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The Pearl Greed Analysis

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Greed, the driving force behind all things evil, or is it? The Pearl by John Steinbeck displays that “there is a sufficiency in the world for man’s need but not for man’s greed” (Seuntjens and Zeelenberg 505). Greed has two motivations. The driving force behind them is either hunger, or desperation. Kino embodies the desperate nature of man to provide, whereas the others exhibit their deprivation for material objects. History has shown that even those with the best intentions have fallen into lust for wealth and power. Take Judas Iscariot for example. He desired money more than to be with his Master (18-19). Despite all of the temptations caused by greed, Kino stood firm for his family and didn’t give in.
The priest is one of the many people
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When Kino and Juana were in desperate need of help, the doctor wouldn’t come to their aid (11-12). Why would he stop by their house to check on the baby if not without selfish desires? Kino tells the doctor that he is able to pay him after he sells his pearl. Instead of telling Kino that he has heard of his good fortune, he decides to play dumb and says, “You have a pearl? A good pearl? ” (35).The villagers began to tell him about the amazing pearl that he found. “I have not heard of it,” he said. “Do you keep this pearl in a safe place? Perhaps you would like me to keep it in my safe?” (35) But Kino assured him that it was in a very safe place. The doctor was watching his eyes to see if Kino may look to where it was hidden. He told Kino, “it would be a shame to have it stolen before you could sell it” (35, 36). After the doctor left, he dug a hole under his sleeping mat and hid the pearl underneath…show more content…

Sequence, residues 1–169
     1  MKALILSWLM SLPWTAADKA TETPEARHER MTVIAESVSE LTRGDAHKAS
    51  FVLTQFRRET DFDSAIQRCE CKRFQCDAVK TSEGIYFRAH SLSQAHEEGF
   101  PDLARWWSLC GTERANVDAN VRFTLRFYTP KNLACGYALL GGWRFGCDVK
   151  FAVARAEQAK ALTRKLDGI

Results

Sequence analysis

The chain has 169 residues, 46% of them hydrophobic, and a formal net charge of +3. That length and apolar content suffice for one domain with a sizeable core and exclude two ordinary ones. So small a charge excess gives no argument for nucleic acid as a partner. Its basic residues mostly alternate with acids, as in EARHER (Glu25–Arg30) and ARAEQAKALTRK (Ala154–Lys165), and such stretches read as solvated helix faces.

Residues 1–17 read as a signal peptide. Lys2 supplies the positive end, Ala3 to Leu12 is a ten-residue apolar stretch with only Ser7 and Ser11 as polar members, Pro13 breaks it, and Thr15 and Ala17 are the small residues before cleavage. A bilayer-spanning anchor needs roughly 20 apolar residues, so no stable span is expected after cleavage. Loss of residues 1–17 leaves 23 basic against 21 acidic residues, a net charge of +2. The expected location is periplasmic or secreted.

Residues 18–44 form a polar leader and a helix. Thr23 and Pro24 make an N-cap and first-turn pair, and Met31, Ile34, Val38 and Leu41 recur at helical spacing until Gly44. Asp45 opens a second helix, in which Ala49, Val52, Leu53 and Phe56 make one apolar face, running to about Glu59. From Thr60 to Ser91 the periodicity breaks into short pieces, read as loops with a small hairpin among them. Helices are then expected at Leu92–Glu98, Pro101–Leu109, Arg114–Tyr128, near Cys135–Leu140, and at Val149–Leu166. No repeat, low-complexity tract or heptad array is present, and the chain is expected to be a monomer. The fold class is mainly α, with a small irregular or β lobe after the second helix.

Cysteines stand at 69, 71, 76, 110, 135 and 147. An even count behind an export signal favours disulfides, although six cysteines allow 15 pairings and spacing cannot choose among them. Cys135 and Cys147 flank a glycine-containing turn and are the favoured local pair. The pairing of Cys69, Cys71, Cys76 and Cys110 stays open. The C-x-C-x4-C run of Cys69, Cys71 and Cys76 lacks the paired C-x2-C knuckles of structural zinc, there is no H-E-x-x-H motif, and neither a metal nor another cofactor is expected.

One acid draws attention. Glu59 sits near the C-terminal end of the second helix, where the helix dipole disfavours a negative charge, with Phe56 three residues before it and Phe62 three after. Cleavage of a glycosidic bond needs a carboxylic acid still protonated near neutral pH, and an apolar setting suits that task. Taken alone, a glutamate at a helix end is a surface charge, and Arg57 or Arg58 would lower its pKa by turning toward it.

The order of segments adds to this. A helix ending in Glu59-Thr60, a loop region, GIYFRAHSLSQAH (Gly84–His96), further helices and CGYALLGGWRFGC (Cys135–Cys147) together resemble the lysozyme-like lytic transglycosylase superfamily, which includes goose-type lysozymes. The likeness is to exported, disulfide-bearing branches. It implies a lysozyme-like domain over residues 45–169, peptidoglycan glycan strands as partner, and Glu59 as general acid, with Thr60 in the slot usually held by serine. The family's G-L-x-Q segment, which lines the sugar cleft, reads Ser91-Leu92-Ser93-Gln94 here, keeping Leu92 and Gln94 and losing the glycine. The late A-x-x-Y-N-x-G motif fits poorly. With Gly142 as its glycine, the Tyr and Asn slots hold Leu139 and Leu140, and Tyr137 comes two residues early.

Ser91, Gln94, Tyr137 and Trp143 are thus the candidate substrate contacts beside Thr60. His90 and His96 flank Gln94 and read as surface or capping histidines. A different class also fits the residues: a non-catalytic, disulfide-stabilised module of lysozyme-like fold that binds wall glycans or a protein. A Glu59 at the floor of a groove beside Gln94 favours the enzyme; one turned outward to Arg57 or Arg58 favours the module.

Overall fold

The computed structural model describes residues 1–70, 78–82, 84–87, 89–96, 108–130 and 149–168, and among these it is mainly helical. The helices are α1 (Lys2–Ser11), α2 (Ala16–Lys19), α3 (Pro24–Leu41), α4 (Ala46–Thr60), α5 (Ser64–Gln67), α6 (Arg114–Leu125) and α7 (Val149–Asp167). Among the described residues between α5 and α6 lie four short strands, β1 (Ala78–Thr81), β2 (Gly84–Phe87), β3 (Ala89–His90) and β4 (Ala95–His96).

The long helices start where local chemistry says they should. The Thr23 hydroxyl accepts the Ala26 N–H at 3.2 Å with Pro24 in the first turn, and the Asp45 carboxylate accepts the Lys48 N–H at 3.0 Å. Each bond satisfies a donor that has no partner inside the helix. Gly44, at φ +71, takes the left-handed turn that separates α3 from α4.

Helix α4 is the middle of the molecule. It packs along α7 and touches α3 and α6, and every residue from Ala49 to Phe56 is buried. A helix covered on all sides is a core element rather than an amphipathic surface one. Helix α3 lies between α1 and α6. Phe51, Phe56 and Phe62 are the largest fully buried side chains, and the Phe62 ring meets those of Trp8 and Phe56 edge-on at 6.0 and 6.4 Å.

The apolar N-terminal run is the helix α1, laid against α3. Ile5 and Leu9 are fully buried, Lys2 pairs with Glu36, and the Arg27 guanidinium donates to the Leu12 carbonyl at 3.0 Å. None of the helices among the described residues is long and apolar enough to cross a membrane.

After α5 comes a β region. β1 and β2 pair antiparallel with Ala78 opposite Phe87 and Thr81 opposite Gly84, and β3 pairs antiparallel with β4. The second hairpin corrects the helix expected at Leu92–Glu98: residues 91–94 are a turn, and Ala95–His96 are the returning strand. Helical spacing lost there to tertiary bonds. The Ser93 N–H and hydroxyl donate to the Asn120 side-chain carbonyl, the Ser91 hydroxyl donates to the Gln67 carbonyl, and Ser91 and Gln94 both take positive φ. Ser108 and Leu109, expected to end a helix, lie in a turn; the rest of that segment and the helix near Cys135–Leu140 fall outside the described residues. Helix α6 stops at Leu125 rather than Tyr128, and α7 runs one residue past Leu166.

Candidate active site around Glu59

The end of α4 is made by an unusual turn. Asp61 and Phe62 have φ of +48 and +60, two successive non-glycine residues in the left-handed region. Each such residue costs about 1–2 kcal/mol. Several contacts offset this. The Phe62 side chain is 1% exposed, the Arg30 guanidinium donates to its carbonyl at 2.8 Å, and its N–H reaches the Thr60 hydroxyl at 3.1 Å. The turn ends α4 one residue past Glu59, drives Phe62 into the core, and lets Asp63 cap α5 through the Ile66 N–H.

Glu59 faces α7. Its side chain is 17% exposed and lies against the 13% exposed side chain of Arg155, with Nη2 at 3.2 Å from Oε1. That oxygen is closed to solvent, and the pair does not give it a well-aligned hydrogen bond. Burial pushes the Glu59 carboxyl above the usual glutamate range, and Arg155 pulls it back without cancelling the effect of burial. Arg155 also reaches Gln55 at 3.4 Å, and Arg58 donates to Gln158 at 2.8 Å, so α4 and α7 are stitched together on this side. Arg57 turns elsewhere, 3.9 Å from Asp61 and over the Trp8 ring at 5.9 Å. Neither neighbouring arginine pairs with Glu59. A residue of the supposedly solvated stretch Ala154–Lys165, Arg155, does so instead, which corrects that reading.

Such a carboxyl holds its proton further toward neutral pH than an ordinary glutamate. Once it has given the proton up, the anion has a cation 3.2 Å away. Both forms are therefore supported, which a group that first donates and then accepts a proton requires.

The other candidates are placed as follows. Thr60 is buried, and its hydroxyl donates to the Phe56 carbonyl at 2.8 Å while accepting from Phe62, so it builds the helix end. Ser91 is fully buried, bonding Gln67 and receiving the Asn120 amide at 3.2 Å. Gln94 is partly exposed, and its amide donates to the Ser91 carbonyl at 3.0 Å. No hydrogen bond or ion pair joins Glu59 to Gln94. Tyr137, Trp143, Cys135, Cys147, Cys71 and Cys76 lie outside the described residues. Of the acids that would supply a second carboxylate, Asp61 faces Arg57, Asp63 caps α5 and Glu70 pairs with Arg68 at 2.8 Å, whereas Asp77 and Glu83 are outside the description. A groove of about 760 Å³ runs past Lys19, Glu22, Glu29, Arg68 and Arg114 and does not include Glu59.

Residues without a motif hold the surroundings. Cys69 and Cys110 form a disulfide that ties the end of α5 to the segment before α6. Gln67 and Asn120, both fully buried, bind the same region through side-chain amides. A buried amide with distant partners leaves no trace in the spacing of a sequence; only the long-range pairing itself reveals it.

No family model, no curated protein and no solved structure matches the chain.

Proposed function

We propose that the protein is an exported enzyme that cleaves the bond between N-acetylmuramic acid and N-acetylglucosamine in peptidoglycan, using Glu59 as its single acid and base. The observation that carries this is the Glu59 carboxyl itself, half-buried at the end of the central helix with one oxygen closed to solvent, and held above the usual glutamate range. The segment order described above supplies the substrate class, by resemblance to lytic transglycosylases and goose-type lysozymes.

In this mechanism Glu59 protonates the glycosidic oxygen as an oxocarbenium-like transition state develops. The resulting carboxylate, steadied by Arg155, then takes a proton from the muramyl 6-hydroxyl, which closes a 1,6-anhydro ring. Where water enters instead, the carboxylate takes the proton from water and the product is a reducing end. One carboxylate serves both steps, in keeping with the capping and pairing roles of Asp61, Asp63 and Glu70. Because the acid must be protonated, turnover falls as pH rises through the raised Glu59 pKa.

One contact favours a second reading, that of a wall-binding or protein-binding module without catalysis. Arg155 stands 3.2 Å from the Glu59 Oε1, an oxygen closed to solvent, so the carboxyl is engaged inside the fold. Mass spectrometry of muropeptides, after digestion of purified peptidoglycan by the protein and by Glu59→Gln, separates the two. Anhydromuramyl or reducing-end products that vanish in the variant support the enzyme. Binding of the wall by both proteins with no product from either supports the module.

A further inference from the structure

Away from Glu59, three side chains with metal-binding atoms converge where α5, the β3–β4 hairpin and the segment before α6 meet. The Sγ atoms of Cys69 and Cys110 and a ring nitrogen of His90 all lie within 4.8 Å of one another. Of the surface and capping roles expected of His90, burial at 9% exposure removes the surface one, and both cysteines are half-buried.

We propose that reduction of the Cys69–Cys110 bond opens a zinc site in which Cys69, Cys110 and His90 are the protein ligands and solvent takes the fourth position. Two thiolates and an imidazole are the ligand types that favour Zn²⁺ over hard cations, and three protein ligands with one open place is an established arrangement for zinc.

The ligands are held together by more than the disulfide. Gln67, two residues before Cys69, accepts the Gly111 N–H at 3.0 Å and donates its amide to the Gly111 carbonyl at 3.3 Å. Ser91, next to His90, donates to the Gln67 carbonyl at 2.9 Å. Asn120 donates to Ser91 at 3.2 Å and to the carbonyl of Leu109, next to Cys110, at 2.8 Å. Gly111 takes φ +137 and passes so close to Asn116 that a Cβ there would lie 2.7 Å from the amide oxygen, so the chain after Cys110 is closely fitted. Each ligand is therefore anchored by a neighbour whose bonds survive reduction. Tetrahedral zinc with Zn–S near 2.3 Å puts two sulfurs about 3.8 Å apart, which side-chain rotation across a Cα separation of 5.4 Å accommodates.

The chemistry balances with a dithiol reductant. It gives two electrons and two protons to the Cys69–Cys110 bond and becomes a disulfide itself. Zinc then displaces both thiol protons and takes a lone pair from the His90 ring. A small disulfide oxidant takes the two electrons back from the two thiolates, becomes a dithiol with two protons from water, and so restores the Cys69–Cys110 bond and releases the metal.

The dealer that Kino goes to see has always been greedy. His job is to purchase things for cheap, and sell them expensively. With all his neighbors behind him, he went to a pearl dealer to see how much he can get for it. When the dealer saw the pearl, his facial expression didn’t change, but the coin that he had been fiddling with fell silently into his lap. He started to inspect the pearl and tells him, “This pearl is like fool 's gold. It’s too large… It is a curiosity only” (49). Kino exclaimed that it’s “the Pearl of the World,” and “no one has ever seen such a pearl” (49, 50). The dealer offered him one thousand pesos, which was still more than what Kino has ever seen. They brought more dealers into the argument to get their opinions. One of them doesn’t even want to be involved with the pearl. Another dealer offers him five hundred pesos. Kino mentioned about going to the capital to sell it because they were cheating him (52). The dealer offered a final fifteen hundred pesos, but Kino left with the
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